to determine when it is "clear to cross"
How do we teach students to look side to side effectively?
We just discussed the challenges that some people have with scanning or glancing from side to side, and strategies for addressing those challenges.
This page explains a procedure for assessing and training students to scan or glance effectively, regardless of the visual impairment.
When training students to detect vehicles visually, their hearing should be occluded because you want to be sure they have the ability to see the vehicles even when it's too noisy to hear them.
Procedure to train students to look for vehicles while scanning / glancing to each side:
This training is done one side at a time.
When the student is skilled at scanning/glancing to look for vehicles approaching from one direction, repeat the entire process for looking in the other direction.
3. When they are ready to try it, have them stand facing the street.
You want to be sure that students are using their vision to detect the vehicles, so it will be helpful to occlude the hearing to make them unable to hear the vehicles.
4. When you give the signal, the students turn to look for vehicles and then look back and report whether there are any vehicles coming.
The students should look as quickly as they can without missing any vehicles (that is, not so quickly that they are likely to miss any).
The instructor should give the signal many times when there is nothing coming, and many times when there is a vehicle or vehicles that will be difficult to see without glancing or scanning properly:
For restricted visual field, the challenging situation is when there is only one vehicle and it's about 2 car-lengths to the left (in the "blind spot").
For central scotoma, the challenging situation is when the only vehicles visible are in the distance (in either direction).
5. If the students miss seeing a vehicle, they should realize they need to improve, and try again:
For the restricted visual field
, scan more slowly.
For the central scotoma, hold the glance a little longer.
Appropriate sites for the training:
This training procedure is best done where there will be lots of opportunities in which the only vehicles approaching are those which would be challenging for the student to see.
This is so that when they say that they see vehicles, it will be easier for you to verify that they actually saw the challenging vehicles if those are the only ones that are visible.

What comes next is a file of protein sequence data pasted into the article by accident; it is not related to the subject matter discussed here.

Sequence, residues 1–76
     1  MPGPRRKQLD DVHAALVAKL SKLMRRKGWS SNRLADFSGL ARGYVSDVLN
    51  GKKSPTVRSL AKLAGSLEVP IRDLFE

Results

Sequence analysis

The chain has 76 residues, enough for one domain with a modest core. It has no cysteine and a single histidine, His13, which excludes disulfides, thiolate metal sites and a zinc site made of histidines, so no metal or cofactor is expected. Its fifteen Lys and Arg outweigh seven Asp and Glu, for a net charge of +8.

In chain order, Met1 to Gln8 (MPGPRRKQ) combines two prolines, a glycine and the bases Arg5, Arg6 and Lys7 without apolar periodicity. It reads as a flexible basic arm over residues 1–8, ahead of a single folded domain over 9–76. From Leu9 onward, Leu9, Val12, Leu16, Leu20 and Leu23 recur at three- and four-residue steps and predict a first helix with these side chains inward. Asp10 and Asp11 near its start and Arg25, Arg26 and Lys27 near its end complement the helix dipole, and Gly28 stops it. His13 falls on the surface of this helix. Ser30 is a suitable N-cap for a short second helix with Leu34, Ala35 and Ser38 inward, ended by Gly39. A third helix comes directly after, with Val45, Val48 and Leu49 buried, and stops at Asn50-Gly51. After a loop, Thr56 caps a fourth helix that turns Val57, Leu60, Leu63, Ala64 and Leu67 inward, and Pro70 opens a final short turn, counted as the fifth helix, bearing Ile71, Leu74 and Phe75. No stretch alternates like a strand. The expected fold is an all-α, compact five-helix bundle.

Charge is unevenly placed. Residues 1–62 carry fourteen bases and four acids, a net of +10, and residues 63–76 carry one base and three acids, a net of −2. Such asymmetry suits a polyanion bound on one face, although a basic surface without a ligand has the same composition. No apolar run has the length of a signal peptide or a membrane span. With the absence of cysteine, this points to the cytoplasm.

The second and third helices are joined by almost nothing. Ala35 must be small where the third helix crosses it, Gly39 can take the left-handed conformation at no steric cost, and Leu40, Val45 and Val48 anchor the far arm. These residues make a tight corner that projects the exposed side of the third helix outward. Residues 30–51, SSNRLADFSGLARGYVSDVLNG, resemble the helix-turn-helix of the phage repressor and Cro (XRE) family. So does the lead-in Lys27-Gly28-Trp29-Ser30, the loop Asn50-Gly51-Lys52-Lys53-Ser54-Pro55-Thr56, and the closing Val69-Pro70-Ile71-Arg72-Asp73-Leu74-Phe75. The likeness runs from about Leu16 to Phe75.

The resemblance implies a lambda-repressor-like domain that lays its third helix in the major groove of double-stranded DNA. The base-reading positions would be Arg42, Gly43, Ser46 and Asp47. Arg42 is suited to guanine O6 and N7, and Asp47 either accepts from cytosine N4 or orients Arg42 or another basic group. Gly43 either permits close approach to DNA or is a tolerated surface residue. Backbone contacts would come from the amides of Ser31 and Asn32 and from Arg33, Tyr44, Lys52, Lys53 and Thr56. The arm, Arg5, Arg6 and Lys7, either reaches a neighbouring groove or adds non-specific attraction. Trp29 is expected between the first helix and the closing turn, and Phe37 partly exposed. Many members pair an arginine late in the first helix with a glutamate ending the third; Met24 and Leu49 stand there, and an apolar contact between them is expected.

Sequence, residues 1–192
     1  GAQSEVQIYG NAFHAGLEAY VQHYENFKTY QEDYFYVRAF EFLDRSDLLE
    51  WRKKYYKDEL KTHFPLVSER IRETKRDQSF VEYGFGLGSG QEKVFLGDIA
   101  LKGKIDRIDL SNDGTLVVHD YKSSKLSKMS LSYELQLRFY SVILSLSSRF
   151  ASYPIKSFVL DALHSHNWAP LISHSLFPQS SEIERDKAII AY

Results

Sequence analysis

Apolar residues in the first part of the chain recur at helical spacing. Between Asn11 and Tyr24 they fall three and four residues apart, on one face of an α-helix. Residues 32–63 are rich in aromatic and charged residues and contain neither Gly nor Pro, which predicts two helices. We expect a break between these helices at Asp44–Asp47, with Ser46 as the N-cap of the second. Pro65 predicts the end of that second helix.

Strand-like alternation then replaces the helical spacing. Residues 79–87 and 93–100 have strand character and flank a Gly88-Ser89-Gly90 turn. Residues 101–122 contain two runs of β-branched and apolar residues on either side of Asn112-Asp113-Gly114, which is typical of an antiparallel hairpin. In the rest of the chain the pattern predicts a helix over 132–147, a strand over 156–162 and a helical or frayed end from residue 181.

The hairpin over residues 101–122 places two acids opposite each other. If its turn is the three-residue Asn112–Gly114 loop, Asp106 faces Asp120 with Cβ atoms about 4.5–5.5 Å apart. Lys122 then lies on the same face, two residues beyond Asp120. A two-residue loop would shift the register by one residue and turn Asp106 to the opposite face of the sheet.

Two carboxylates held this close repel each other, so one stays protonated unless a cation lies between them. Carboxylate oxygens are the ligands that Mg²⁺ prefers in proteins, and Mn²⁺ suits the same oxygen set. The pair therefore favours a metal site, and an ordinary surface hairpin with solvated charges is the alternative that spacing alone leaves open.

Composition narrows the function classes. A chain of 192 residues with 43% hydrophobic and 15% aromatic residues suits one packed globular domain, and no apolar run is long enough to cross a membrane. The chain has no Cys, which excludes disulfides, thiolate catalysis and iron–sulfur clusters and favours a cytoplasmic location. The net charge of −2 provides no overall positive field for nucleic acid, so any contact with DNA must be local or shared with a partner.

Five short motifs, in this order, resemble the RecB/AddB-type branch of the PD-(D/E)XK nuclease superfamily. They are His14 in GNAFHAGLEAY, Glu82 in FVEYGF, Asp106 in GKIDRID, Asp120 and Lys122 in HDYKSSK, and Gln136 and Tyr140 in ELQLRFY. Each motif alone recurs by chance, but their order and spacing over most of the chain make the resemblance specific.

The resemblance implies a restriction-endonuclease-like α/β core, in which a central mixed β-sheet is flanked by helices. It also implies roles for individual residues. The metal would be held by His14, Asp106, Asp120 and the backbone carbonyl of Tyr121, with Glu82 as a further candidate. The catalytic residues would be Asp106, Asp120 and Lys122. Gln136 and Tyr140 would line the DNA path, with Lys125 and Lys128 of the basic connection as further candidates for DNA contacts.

Students with a restricted visual field are challenged to see vehicles in the nearest lane, about two car-lengths to their left (in the "blind spot," as shown in the photo here).
This means you need a place where the street has
only one lane for traffic coming from the left (you want lots of opportunities where the only vehicle approaching from the left is in the nearest lane).
It doesn't matter how many lanes there are for traffic coming from the right.
lots of instances where only one vehicle at a time comes from the left (you want to have lots of opportunities where the only vehicle approaching is in the "blind spot").
Students with central scotoma are challenged to see vehicles in the distance (as shown in the photo here).
Therefore all that's needed are:
visibility of the vehicles from a distance that will be a challenge for the student to see
(that is, nothing should block the view of the distant vehicles);
long gaps in traffic, to give you lots of opportunities where the only approaching vehicles that are visible are in the distance
(that is, there are no vehicles close enough for the student to see easily).
For these students, the number of lanes in the street isn't important.
EXAMPLES OF TRAINING PEOPLE WITH A RESTRICTED VISUAL FIELD
The first example is a video that captured segments of training for a woman who has Retinitis Pigmentosa.
The video is copyrighted by The American Printing House for the Blind (APH) and cannot be reproduced without written permission from APH.
An informal assessment of this woman's vision reveals that she can see an area about 6-8 inches in diameter from about 6 feet away.
After she occludes her hearing with headphones and earplugs, she faces a street that has only one lane coming from the left.
When I saw two cars approaching close from her left in the nearest lane, I tapped her shoulder and she turned to look.
She didn't see either of the cars.
That was a rather dramatic experience, and you can see that when she got the feedback and realized what happened, she improved her scanning immediately.
In all the subsequent trials, she was able to see vehicles that were in the same place where she had missed them earlier.
The second example, shown in the video to the right, is another person with very narrow visual field because of Retinitis Pigmentosa.
I did not occlude his hearing because he is deaf.
He had the same experience that the woman in the first example did, and missed seeing a vehicle because even though he was scanning relatively slowly, it was apparently not slow enough.
You can see that after that experience he scanned even more slowly, and was able to see all other approaching vehicles reliably.
[Click here to read the narration for the introduction.] Note: There's nothing wrong with your viewer -- this video shows a still picture during the introductory narration!
EXAMPLE OF TRAINING A PERSON WITH LOW ACUITY
This video shows segments of training a Deaf man with a full visual field and a loss of visual acuity, learning to scan efficiently for street crossings.
He needed to learn to hold his glance long enough to see the vehicles.